2013 Monasterio de las Viñas “Gran Reserva” Cariñea, Spain (Alcohol 13.5%, Residual Sugar 3 g/l) LCBO Vintages $18.95 (750ml bottle)
The number of accessible bottles with a bit of age on them on the shelves here are, sadly, few and far between. Personally I adore observing how wines evolve over time, slowly breaking down, decomposing, if you will, and so any time I see something more than five-or-so-years-old I usually try to grab a couple of bottles; but the fact fact of the matter is that there’s never enough affordable older wine to go around.
Enter the understated 2013 Monasterio de la Viãs, stage left…
Hailing from the continental climes of Cariñena, one of the oldest delimited areas in all of Europe (1932), this blend of Garnacha, Tempranillo, and Cabernet Sauvignon (the cépage changes from vintage to vintage) wears its years with an admirable measure of grace. If you are looking for a real ballbuster of a Spanish red, then these are certainly not the droids you are looking for, as this is a decidedly medium-bodied wine, weighing in at an almost moderate 13.5% alcohol. Too often Gran Reservas having me choking on the dried out fruit and awkward oak impact, but this bottle shows a modicum of reserve despite seeing 24 months in French/American oak. Sure, there’s some of that classic Spanish wine oak spice, but its reasonably dialled down.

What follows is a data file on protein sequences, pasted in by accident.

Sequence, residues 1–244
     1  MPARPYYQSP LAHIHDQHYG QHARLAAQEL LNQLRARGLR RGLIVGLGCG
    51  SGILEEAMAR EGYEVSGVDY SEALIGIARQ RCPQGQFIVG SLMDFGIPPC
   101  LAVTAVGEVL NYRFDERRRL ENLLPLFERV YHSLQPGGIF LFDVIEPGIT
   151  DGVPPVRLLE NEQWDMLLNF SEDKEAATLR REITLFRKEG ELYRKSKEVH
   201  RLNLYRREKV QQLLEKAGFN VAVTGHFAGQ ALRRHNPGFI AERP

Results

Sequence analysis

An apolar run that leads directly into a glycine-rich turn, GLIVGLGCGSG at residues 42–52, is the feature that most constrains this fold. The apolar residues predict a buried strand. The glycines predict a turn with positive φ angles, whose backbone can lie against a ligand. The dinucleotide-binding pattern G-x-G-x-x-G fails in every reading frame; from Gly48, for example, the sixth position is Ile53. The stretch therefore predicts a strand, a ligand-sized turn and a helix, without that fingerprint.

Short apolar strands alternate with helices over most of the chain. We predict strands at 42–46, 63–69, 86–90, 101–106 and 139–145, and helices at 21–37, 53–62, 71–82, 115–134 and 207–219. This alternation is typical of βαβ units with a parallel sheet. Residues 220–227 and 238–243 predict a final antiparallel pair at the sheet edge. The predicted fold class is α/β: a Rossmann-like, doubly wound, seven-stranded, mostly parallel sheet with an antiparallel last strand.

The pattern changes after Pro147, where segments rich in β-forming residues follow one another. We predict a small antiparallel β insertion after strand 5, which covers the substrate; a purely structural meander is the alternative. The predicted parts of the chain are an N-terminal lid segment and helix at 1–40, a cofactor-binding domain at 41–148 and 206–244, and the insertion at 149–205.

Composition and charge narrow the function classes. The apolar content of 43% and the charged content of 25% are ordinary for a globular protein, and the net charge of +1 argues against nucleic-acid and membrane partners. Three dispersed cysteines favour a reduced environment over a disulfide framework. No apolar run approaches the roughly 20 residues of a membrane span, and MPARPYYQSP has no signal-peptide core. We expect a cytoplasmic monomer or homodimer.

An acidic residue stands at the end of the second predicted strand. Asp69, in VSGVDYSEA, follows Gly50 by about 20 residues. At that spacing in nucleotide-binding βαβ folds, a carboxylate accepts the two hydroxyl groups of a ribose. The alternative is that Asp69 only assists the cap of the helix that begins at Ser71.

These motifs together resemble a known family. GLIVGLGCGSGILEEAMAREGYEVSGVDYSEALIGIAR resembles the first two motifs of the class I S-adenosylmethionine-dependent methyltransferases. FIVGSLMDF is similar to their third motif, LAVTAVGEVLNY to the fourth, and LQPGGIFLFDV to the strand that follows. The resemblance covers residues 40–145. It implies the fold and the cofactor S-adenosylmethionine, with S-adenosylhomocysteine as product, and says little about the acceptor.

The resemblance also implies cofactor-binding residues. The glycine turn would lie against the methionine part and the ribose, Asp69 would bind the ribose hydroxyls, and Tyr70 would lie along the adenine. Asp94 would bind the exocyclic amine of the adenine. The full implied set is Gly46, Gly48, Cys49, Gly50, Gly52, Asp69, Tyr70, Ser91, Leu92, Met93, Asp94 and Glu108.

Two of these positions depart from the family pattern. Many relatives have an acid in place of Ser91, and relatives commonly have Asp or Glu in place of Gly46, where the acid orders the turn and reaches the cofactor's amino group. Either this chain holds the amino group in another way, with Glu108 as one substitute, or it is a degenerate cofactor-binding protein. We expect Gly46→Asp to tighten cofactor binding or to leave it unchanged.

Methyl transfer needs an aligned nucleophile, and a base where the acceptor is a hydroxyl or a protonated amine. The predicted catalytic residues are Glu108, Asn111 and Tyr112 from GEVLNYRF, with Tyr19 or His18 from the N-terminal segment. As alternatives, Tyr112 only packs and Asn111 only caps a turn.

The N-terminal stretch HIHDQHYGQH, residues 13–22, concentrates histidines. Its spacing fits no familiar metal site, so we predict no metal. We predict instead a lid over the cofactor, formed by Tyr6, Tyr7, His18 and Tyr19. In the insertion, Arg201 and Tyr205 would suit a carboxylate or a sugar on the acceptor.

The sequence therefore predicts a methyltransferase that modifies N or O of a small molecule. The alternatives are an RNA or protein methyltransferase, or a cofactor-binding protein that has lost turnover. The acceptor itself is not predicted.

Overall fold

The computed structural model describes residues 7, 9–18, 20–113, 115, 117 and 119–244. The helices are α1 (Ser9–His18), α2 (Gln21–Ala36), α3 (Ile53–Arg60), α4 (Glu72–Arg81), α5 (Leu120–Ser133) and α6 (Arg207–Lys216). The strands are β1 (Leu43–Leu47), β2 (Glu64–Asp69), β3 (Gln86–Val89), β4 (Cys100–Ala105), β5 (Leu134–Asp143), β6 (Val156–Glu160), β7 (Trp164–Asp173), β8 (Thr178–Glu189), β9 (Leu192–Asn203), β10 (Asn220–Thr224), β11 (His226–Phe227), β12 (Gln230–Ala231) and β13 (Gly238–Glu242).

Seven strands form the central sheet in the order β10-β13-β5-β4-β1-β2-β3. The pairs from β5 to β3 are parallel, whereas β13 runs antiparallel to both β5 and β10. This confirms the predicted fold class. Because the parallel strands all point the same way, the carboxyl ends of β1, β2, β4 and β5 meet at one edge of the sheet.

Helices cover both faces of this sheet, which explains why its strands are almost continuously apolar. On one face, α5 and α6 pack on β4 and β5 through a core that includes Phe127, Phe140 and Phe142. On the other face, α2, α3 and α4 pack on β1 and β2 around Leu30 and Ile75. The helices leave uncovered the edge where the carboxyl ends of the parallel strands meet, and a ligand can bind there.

Any immediacy of red and black berry fruitiness has dissipated and is now a heady stew of raisined, dried fruit, and Xmas cake, with wafts of sandalwood, and an almost garrigue-like herbal earth note that takes me back to southwestern France, which is not really that far away from Aragón, if the truth be told.
While the wine does fill the palate, its never too weighty, and there is certainly a bit of pull from the still-present tannins to make this a wine modelled for the dining table. If I had one complaint it would be that I wish the finish were just a little more sustained, but at this price I should really keep my mouth shut, as it more than measures up in every other department.
Just last night I sat by the fire with a book, enjoying a few glasses of this with some hard cheese, and all was good with the world.
(Four apples out of a possible five)
Grandes Viños, the producers of this wine, are represented in Ontario by Noble Estates.
Noble Estates are a Good Food Fighter.
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Edinburgh-born/Toronto-based Sommelier, consultant, writer, judge, and educator Jamie Drummond is the Director of Programs/Editor of Good Food Revolution… And that’s quite a lovely evolved wine.